Scope and Contents
The papers listed here comprise largely personal and biographical materials, including letters, diaries and photographs. The letters and diaries in particular provide detailed insight into the middle years of Margaret Anderson’s life, from 1924-36. The diaries cover part of her time at Girton College; the time she spent teaching at Malvern Girls’ College and lecturing at Manchester University; part of the time she spent in Barbados; and part of the time she spent living at Hardwick, Cambridgeshire, while the letters to her sister, Betty Browning, cover her sabbatical term in South America in 1931 and the whole of the Barbados years from 1932-36. The materials listed here are arranged broadly chronologically.
Biographical / Historical
Margaret Swainson Willis (known to her family as ‘Ba’) was born on 14 June 1902, the second daughter of Dr John Christopher Willis and Minnie Baldwin (Girton 1890). Her aunt, Mabel Rosaline Baldwin, also came to Girton in 1899. Margaret was educated at Blackheath High School and the Perse School for Girls in Cambridge before coming to Girton in 1921 to read the Natural Sciences Tripos for two years followed by the new Geographical Tripos foranother two years.
She had already spent a term teaching at the the High School, Durham in the summer of 1921: on leaving Girton in 1924 she taught for a year at Malvern Girls’ College before becoming assistant lecturer in Geography at the Victoria University of Manchester. She returned to Cambridge in 1928 as a demonstrator in the Geography Department.
She spent a sabbatical term in 1931 in South America. In 1933 she went to Barbados to marry Frank Anderson, whose family had for many years been friends and neighbours in Cambridge. They spent several years in Barbados while he worked for the Barbados Telephone Company.
While in Barbados Margaret Anderson helped to found the Barbados Museum and Historical Society. She also produced the first good road map of the island and, in collaboration with a Commander Wynne, she produced a chart of part of the harbour.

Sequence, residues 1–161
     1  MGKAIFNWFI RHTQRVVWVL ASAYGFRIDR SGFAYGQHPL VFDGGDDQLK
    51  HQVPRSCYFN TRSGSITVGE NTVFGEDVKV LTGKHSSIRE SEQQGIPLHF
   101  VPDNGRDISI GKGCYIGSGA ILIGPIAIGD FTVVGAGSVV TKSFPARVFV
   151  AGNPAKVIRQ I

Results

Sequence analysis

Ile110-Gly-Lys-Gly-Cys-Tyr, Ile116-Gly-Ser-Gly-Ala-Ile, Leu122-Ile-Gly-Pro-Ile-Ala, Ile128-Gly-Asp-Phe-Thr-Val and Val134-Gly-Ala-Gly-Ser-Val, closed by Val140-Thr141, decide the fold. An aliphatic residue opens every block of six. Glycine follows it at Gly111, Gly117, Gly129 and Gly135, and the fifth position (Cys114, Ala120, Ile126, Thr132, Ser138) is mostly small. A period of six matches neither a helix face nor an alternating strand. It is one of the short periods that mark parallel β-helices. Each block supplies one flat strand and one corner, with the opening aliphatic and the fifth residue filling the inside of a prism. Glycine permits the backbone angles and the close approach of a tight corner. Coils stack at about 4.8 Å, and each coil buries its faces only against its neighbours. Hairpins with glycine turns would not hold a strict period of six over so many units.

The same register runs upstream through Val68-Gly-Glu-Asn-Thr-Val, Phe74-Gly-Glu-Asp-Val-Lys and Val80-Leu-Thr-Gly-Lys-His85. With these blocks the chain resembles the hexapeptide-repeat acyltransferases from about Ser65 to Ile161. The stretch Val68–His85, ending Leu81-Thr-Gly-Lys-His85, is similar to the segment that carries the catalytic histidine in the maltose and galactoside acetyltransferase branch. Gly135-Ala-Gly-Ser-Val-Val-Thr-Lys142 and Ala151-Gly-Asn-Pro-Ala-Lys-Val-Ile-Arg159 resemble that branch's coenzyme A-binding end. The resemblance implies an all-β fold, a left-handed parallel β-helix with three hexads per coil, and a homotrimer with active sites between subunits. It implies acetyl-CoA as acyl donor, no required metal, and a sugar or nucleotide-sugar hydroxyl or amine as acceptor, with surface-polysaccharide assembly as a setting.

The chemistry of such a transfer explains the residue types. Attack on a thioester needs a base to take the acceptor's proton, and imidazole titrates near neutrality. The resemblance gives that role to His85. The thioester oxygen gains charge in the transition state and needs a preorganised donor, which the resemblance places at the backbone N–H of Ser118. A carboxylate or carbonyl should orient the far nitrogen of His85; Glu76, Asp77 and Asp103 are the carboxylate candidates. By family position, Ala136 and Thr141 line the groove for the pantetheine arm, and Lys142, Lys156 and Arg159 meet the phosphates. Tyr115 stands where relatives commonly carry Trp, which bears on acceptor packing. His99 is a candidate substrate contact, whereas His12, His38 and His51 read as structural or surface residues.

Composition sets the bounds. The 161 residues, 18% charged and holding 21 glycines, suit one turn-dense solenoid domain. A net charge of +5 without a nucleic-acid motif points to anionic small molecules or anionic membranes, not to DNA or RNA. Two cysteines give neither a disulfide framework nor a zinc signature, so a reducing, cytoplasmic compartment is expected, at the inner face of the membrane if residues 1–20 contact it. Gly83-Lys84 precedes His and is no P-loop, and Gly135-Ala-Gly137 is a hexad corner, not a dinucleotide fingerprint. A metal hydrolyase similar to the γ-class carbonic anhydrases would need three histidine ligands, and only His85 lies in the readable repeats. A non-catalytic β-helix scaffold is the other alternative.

Margaret and Frank returned to London in 1936 and in 1937 their daughter Margaret [known as Nan] was born. On the outbreak of war Margaret returned to Cambridge and worked as a Plotter, Eastern Regional HQ, Civil Defence, 1939-40. In 1944 she began to direct studies in Geography at Girton and also became a staff fellow and a university lecturer in Geography. Her publications include ‘Systematic Geography: Part I World Relations’, George Philip & Son 1937, and ‘Geography of Living Things’, English Universities Press 1951.
Harriet Steers wrote in her obituary for Margaret Anderson (see GCPP Anderson 1/1) that her 'approach to geographical work was in many ways unique because of her grip of, and interest in, the Natural Sciences. It was this distinction in geographical technique which led to the hope in Cambridge of a further and thorough treatment of Biogeography in the Tripos course'.
During the 1940s and early 1950s Margaret Anderson lived at Old Victoria Farmhouse in Hardwick, where she kept animals and poultry, her wide knowledge of flowers and birds adding to her enjoyment of life in the country.
Margaret Anderson died on 15 September 1952 at the age of 50. At the time of her death her latest book, an anthology of travel, was in galley proof: it was published with the title 'Splendour of Earth' by George Philip and Son Ltd in 1954, including her own introduction dating from circa June 1952.